I first got involved with this breed in a breeder capacity. When my breeding days were over, I kept the mother and father along with two males from two different litters about a year apart from each other. My clan consisted of Dixie, a small tortie-point female, Beavis, a very large blue-point male and their two sons, Chewy, a large seal point male and Whitey (Dwight Cat), a beautiful flame point male who was a stereotypical "blonde" in every sense of the word.

Dixie was the resident schizophrenic who developed a strong dislike for her two sons who loved to aggravate her. When her space was invaded she lunged at the violator. The older she got the wider her personal space got.  It was comical to watch the males walk way out around her to avoid getting snapped at and/or bitten. Her "husband", Beavis was the only one she tolerated and allowed near her and although she appears to have a dislike for all other cats, she was always very affectionate towards humans and loved to talk to everyone and tell them about the horrible males she had to live with.  That sounds like a typical female to me! 

Beavis was a gentle giant with the softest little voice I’ve ever heard, yet his purr sounded like a loud motor boat. Beavis didn't need to be petted to purr. Sometimes merely looking at him or talking to him would trigger it. One of the funniest things Beavis would do is growl like a dog when someone would knock on the door or ring the doorbell.  He was definitely the Alpha male and at the very top of the pecking order in all feline matters.  He had a very gentle, loving demeanor, but about once a month he kicked ass to make sure everyone knew who was the boss!  What usually started out as him giving them a bath turned into a kitty wrestling match.  As soon as they'd tap out and show submission all would go back to normal until next time.  It was hilarious to watch 3 large tom cats give each other baths and no matter how old they got, Whitey remained the baby of the family and was treated as such by his entire family...humans included. 

Chewy (named after Chewbacca from Star Wars) reminded me of an Ewok not a Wookie when he was a kitten.  It didn't take him long to train me to his liking and he deemed himself “my cat”.  That position was his until the day he died from cancer.  He knew exactly how to get his point across and as long as I complied everything was all sunshine and rainbows. His loud voice freakishly resembled Chewbacca's voice. He did tricks like a dog and “flopped” on command.  Flopping consisted of falling over and landing with his head on my foot. The maneuver took skill and grace and was funny to watch.  Chewy never learned to purr until he was around 7 and when he finally did learn it was in an erratic, unnatural pattern.   It was something he never got the hang of doing, but that was okay because he after all was Chewy.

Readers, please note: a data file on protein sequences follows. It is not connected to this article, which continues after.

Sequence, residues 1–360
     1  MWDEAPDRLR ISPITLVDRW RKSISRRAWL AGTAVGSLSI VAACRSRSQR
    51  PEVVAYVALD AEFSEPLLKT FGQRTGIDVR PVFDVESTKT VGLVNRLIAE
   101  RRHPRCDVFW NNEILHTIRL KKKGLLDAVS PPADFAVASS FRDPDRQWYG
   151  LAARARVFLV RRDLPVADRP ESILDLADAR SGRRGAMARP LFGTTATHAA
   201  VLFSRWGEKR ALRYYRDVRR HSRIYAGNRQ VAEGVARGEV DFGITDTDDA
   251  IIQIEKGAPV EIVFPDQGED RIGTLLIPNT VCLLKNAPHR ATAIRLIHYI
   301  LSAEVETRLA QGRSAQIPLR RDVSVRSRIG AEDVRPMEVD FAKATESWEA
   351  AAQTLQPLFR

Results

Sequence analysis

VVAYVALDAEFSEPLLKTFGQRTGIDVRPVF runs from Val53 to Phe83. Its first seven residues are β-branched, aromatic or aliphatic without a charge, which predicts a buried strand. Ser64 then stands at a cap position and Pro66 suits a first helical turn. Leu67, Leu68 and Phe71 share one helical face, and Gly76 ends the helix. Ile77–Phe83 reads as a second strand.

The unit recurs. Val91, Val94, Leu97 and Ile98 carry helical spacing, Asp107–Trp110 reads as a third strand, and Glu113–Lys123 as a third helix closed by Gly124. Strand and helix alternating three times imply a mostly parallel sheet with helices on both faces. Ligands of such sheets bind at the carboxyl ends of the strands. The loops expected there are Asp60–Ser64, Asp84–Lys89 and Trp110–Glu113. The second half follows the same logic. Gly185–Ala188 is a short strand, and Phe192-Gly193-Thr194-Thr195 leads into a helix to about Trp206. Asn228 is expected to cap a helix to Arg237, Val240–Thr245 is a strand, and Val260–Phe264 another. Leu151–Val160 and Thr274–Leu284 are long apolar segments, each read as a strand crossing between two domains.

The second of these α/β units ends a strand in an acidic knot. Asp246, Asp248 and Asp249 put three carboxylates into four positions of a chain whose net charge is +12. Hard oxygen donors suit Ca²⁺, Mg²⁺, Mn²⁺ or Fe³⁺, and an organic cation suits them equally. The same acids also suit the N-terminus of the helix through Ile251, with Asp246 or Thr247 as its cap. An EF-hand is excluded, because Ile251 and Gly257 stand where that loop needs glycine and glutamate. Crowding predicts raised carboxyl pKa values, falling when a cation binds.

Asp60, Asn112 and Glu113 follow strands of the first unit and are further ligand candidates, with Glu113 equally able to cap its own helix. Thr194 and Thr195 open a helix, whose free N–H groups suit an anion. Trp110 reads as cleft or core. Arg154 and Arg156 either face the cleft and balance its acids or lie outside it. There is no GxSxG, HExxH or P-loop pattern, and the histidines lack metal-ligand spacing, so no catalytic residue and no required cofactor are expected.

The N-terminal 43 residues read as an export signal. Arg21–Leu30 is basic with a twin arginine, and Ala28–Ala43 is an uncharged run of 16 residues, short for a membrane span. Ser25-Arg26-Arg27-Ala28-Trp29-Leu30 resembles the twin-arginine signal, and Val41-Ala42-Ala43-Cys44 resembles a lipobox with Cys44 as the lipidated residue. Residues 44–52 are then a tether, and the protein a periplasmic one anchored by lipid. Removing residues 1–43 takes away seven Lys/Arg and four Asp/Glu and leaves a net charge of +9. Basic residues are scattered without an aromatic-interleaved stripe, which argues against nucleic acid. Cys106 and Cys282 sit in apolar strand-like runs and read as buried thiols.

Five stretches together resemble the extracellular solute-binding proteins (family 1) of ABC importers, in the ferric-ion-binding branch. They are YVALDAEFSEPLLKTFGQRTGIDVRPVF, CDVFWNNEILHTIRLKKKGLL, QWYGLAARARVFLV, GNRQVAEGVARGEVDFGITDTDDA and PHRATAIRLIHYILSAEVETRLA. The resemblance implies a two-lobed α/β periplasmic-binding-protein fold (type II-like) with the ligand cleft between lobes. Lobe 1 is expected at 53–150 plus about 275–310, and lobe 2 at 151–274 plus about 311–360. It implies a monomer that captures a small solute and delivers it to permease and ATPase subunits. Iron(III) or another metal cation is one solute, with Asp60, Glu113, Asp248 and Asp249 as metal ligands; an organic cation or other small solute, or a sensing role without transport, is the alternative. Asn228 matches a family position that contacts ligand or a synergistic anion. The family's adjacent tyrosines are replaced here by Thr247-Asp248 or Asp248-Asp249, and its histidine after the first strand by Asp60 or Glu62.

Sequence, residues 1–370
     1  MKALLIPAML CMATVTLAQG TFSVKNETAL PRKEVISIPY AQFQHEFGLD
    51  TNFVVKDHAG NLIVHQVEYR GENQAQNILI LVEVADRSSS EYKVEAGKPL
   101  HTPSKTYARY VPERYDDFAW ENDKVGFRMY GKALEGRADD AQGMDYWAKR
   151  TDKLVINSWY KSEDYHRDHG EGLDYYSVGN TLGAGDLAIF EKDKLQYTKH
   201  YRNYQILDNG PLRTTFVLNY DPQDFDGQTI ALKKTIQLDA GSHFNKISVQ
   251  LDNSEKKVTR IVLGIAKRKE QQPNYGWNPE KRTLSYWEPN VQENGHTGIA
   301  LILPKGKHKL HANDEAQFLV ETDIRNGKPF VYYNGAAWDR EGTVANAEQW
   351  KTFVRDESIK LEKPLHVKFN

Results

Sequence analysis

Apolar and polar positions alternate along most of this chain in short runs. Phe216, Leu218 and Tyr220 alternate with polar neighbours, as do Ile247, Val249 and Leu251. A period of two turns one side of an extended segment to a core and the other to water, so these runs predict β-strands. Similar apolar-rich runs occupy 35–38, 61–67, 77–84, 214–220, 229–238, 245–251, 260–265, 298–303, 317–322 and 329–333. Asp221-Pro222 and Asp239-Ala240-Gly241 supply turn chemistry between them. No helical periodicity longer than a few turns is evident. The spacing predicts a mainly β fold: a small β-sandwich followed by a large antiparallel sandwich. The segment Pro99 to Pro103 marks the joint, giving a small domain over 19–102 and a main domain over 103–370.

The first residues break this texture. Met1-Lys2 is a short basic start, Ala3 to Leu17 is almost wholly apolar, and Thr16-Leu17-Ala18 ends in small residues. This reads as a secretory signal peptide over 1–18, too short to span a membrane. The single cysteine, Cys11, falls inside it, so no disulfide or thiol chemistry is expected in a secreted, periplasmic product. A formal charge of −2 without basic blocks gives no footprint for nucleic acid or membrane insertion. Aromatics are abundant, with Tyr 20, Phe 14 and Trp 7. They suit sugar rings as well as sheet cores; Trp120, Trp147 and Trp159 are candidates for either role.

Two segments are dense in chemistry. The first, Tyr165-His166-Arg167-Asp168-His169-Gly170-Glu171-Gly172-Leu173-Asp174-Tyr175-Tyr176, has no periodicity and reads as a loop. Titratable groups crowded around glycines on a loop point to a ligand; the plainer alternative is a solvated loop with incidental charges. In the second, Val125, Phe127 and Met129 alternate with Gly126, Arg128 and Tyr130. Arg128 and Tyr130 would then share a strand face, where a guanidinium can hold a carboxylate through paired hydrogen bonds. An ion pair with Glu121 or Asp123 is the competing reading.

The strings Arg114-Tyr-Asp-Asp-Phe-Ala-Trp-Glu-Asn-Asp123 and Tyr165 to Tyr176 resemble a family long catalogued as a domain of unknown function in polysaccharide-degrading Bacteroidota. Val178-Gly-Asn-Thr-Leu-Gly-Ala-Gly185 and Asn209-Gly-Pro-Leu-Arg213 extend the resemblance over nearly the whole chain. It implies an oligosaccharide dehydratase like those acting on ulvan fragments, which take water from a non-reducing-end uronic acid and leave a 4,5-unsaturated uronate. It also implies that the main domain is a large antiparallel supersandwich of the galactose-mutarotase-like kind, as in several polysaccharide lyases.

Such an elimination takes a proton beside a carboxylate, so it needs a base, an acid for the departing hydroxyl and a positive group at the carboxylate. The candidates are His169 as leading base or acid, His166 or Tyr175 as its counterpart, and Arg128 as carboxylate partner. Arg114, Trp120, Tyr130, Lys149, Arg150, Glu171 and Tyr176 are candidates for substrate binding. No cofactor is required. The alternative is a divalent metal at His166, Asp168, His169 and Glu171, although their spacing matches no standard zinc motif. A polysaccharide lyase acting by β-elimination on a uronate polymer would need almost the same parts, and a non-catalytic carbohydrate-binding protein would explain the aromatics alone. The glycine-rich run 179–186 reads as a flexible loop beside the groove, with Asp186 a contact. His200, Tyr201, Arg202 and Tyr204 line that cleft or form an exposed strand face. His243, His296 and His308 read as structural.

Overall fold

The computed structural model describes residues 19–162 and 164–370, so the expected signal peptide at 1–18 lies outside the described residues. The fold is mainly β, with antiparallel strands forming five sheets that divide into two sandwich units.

Whitey was the baby of the family and the cat Chewy picked out to keep. When Whitey was just a small kitten Chewy kept separating him from the other kittens as the time grew near to sell them.  He tended to Whitey like a mother cat would and never stopped mothering him even when he became an adult cat. Instead of selling Whitey, I kept him because that's what Chewy wanted and Chewy always got everything he wanted.  Whitey was very vocal from an early age and has a wide range of cries and noises he made. His most memorable sound sounded like he was saying “momma”.  This was cute except at 2 am when he got on a rant and would tear through the house running upstairs and downstairs crying for “momma”. Whitey also loved to be “spanked” and talked while he received a spanking.  His favorite "spank me, baby" tool was the back scratcher I keep on my desk.  I would gently spank him and he would tell me all about it with such fervor.

Last night, Whitey passed away at the age of 18.  His mother, father and brother who had died several years ago had been cremated and their ashes had been stored in my closet until they were all buried together early this morning.  Yes, I'm sad, but feel blessed because they filled my life with such love and joy for so many years.  They are and always shall be the cats who loved me. 

Thursday, October 23, 2014


I was just thinking about how quickly so many people seem to jump on the paranoia bandwagon when it comes to things like the threat of a possible Ebola outbreak in the United States or the dreaded, yet over-hyped Avian influenza (bird flu) from a few years ago. They'll run out and buy hand sanitizer and face masks, yet when the AIDS epidemic hit about 30 years ago it was and still is in many cases next to impossible to get people to practice safe sex. Wear a condom? I don't think so!

So what is it about sex that seems to make a person's judgment fly out the window? Does playing Russian Roulette heighten the sexual experience? Do people's keen sense of denial keep them from believing that something like AIDS happens to other people and not to them? I guess it's the same thing with someone who smokes and then is actually surprised when they're diagnosed with lung cancer or people who eat nothing but junk food and sit on their butts and then wonder why they've developed Type II diabetes or heart disease. So what does it take to make people actually connect the dots and realize that health warnings whatever they are pertain to everyone and not just an unlucky few? Is ignorance really bliss or is ignorance a silent ninja assassin?